- Make Cookie Envelopes: Martha Stewart is at it again. If you have tissue paper and stickers, then you can make cookie envelopes. These can hold 2, 4, 6, or whatever number of cookies you would like to give.
Creative Homemade Gifts and Creative DIY Christmas Gifts
Looking for creative homemade gifts that people can actually use?
Here are a few of my favorites:
- Wine Charmers: I made these as a favor for a bridal shower I co-hosted with a friend a few years ago. They were a hit! So much so, that I made several more pairs and gave them out at Christmas. Visit the jewelry section of your craft store to pick up small wire earrings, needle-nosed pliers (if you don’t own a pair), and any beads/charms you want to add.
- Scrabble (or “Words with Friends”) Coasters: Know any word buffs, or people who are glued to Words with Friends on their smart phones? These scrabble coasters are frugal, simple, and very unique.
- Mason Jar Soap Holder: I may really be showing my roots now, but when I came across this photo of a homemade mason jar soap holder, I was just elated. In fact, I made myself one, and then created two soap dispensers for friends as well! You could include a bottle of soap with your creation.
Consider Giving What I Call a “Legacy” Gift
Legacy gifts last much longer than other kinds. And these are the types you don't buy in a store — yet they have so much meaning.
My husband, Paul, and I usually spend Christmas in PA with my family and will be doing so again this year. One of our favorite things to do is get up early on Christmas morning and walk/drive over to my sister’s house to watch our niece and nephew open their gifts from Santa. Everyone is in their PJs, the Christmas tree is lit and crowned in early morning sunlight, and the room is filled with the sound of ripping paper — it’s a very festive occasion! For a few moments I am transported back to my own childhood Christmases. Afterwards my sister and her husband cook us all a belly-filling breakfast.
While turning a living room into a temporary toy store on Christmas morning is really fun, I often wonder how long the gifts actually last. Children grow out of toys and clothes so quickly. Years later when they are older perhaps they’ll hold onto the memory of a few beloved toys but nothing else will be left. Why not give some legacy gifts mixed in with the more short-term ones?
The word legacy seems to be synonymous with ‘expensive’. But legacy gifts do not have to be expensive; they just have to be lasting and meaningful. These are gifts that your receiver will take with them into adulthood, and perhaps even pass along to another generation.Legacy gifts do not have to be expensive; they just have to be lasting and meaningful. Click To Tweet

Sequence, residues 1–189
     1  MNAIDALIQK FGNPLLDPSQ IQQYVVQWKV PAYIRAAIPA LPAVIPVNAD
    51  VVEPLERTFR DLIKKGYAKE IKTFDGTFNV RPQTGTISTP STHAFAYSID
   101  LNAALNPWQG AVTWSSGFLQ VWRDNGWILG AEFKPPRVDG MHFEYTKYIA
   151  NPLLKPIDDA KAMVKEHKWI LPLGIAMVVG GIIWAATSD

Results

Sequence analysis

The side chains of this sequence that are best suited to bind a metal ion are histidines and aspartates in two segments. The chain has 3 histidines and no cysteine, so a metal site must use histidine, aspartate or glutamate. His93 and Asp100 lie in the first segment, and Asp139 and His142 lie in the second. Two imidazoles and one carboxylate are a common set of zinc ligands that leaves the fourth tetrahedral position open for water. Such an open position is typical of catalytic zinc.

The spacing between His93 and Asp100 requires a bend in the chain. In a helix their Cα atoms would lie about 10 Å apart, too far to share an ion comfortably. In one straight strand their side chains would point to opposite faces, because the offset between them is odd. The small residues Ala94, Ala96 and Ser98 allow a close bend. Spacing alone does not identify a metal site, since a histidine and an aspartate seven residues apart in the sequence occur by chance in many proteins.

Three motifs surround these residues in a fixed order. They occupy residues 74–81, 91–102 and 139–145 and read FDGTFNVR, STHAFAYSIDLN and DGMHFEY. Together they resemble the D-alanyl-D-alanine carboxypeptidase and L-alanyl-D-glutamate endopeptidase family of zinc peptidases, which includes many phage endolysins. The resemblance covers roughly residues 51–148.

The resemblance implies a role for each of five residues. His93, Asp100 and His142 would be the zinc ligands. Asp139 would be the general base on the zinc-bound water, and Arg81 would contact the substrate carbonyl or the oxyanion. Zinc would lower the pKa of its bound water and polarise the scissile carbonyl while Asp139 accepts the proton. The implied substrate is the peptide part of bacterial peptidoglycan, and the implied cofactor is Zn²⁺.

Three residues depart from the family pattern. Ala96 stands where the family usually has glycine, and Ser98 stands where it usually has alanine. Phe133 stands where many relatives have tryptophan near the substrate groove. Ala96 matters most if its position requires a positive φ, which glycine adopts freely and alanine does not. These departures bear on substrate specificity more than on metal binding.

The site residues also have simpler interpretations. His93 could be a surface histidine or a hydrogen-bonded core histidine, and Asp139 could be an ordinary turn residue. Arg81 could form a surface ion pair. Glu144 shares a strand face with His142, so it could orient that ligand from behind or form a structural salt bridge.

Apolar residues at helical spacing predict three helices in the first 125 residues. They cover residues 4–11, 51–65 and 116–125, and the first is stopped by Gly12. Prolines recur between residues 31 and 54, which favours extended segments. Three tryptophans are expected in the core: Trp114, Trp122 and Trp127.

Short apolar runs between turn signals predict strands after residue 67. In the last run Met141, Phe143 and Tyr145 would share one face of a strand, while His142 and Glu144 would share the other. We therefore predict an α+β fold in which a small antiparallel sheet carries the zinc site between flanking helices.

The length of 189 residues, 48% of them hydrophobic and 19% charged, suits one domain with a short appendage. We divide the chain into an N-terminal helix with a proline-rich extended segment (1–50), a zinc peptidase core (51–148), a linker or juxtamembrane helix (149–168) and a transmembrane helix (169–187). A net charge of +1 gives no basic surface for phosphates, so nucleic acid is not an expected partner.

Some of my favorite legacy gifts that lasted far longer than childhood for me include savings bonds from relatives, a ring my father and stepmother passed down from my grandmother, and a personalized storybook from my great-grandmother.
Let’s see if you can create the same lasting treasures for your loved ones with some of these ideas.
Legacy Gifts that Don't Come from a Store
- Pass Down a Family Heirloom: This example shows that cost and value are two different things, as passing down an heirloom will cost you nothing and will be infinitely more valuable than any of the other gifts you purchase this year. Take the time during the holidays to pass on a family heirloom such as a quilt, an afghan, a piece of jewelry, or a secret family recipe either from you or from your ancestors. If your child is too young to understand or take care of this gift, you can store it for them until they are old enough.
- Create a Personalized Storybook: My great grandmother gave us the coolest gift one year when I was 6 (I only know my age because it is in the book) by personalizing a Christmas story with me, my brother Adam, and my grandfather’s dog Jasper. It was magical when we read it as children, and now it is a cherished book in my library. You could create one from scratch, or I believe there are companies that do this with a few inputs of information from you (google “personalized storybook”.
- UPromise Account Opening and Credit Card Gathering: You can roll up the account opening paperwork and wrap a bow around it to present to the parent/child like a diploma. I did this for my niece when I was a broke college student. To date we have $160 in free money for her college education, with another 9 years of savings to go!
- Construct a Family Tree: Aside from the occasional school project that involves children in researching their family history, in general children don’t seem to be too interested in their family history. This usually comes a bit later in life when finding one’s roots becomes much more important. By creating a family tree for a child even if they don’t appreciate it right now, you will be preserving your family’s history and ensuring that as a young or middle-aged adult your child will have the information they need to fully research their history.
- Start a Collection: Along with other gifts, my mother gave each of us one Hallmark ornament of the year each Christmas. These ornaments were stored over the years, and I am happy to say that for the last three Christmases my husband and I have decorated our tree with them. Great gifts Mom!
I hope you can see from the examples above that legacy gifts do not have to cost a fortune. In fact, they are very reasonably priced, and will bring much joy and warm memories to the receiver for years to come.
I would love to hear your own ideas or real life examples of legacy gifts!